In the past two years there have been many articles in the veterinary literature addressing the factors contributing to declining
veterinary visits. No doubt these factors are significant, but I believe the profession has ignored the effect of changes
in the small animal practice model and its attendant standard of care issues on many small animal practitioners for more than
a decade. Having sold my rural Minnesota small animal practice of 40 years and visited many rural practices in the past three
years as a relief veterinarian, I've had considerable experience dealing with this matter.
I want to first acknowledge that I am not a dissatisfied, overworked and undercompensated veterinarian with 46 years of bad
practice experiences "stuck in my craw." I sold my solo, profitable-and-growing, 32-hour-workweek practice for a good price
in a community with an unemployment rate of 18 percent, the highest in the state at the time. Though now retired from practice
ownership, I feel compelled to express my concerns about a profession I still love.
The past 20 years have seen many technological advances in veterinary care. And the veterinary colleges, true to their charters,
have incorporated these changes into the standards of care taught to veterinary students. These standards of care have been
adopted by small animal practice organizations and legally enforced by state boards of veterinary medicine. These changes
have forced practices to provide higher-quality care with corresponding fee increases to all clients, regardless of their
However, the money allocated to veterinary services is often a fixed item in many household budgets. As fees and standards
of care have increased, those in middle- and low-income groups have had to make difficult decisions about their ability to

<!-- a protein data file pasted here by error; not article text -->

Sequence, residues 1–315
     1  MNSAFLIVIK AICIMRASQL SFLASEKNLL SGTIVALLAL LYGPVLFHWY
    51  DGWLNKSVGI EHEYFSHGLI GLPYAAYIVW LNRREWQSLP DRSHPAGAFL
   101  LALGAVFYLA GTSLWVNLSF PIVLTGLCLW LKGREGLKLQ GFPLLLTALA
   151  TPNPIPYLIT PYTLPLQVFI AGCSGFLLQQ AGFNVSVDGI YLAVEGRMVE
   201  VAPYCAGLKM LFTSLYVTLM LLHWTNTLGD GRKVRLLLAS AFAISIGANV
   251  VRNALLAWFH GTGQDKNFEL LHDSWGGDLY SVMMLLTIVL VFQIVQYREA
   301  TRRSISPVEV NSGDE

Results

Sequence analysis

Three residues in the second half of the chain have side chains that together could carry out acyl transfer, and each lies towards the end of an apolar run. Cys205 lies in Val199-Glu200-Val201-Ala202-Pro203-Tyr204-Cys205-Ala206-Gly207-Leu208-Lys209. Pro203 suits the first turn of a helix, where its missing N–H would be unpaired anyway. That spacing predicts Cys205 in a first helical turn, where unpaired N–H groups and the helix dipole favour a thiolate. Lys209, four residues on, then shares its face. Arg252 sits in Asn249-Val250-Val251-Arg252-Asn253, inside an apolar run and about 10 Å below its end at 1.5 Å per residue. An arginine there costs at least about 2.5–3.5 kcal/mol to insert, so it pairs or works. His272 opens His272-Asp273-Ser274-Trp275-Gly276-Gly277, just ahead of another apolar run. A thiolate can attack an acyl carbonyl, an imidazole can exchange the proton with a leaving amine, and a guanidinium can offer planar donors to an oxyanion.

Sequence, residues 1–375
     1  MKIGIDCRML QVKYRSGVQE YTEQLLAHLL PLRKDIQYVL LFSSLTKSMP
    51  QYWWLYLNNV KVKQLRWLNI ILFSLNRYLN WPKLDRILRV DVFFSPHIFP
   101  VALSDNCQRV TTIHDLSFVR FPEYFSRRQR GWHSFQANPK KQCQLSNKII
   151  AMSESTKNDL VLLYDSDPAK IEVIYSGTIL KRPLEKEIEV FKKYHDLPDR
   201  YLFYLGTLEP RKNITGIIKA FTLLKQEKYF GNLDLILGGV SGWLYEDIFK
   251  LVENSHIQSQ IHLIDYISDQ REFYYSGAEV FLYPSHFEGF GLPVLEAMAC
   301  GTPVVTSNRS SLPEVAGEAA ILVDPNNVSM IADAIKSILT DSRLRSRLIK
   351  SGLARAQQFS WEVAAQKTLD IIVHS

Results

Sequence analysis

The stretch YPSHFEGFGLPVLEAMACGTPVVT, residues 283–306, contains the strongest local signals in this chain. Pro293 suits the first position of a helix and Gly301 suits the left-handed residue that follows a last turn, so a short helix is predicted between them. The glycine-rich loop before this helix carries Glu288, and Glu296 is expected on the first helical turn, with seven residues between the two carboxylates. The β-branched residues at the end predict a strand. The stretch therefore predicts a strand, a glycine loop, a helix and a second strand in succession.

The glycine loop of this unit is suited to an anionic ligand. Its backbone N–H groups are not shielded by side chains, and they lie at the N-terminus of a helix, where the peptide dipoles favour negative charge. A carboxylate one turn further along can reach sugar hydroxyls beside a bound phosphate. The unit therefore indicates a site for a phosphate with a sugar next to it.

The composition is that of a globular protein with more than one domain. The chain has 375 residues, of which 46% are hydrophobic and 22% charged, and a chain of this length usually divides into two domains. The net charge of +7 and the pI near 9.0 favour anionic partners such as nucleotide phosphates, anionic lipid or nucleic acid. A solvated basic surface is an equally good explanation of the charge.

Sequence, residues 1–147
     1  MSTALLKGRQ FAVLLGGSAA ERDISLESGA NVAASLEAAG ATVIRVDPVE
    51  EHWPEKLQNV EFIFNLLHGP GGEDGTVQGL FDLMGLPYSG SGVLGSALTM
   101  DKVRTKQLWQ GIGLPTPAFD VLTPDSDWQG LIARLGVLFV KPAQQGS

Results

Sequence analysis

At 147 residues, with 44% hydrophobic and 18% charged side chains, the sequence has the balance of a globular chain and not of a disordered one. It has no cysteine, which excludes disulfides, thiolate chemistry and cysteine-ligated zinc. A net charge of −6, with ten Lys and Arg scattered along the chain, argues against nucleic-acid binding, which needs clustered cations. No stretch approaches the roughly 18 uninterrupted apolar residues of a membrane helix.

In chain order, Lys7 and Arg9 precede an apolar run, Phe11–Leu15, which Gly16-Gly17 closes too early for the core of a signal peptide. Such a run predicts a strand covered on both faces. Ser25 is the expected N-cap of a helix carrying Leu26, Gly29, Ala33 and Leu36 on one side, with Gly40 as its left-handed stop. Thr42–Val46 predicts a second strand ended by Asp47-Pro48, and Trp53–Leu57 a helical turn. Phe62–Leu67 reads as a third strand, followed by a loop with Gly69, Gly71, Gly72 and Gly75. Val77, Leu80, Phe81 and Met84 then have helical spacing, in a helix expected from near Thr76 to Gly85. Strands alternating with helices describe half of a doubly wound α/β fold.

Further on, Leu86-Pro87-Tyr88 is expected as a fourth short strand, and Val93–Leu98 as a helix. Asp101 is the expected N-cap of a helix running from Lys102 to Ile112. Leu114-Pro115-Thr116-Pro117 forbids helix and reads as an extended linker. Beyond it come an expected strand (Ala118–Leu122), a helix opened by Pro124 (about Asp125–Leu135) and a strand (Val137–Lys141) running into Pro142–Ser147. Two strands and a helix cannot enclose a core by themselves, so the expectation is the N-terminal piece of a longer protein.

afford veterinary care. And many have decided not to seek that care due to cost, leading to decreased visits in the profession
as a whole.
In contrast, many of the few practices showing recent growth are rural clinics located in small towns 10 to 50 miles from
large urban population centers. These practices are growing because they provide the more cost-effective veterinary care that
many urban pet owners are begging for.
As many 30- to 40-year veterans of rural small animal practice can attest, we've been successfully performing a host of quite
technical medical and surgical treatments for years without always utilizing many of the recently recommended procedures.
For example, take presurgical blood tests on obviously healthy adult pets. Even in human hospitals, presurgical blood tests
are not always performed on young adults—insurance companies have deemed them to be cost-ineffective and therefore do not
cover them. Another example is the all-out quest for a definitive diagnosis. In some urban practices this is a major contributor
to increased cost of pet care. But we all know that response to therapy is a legitimate diagnostic aid that also reduces the
cost of care.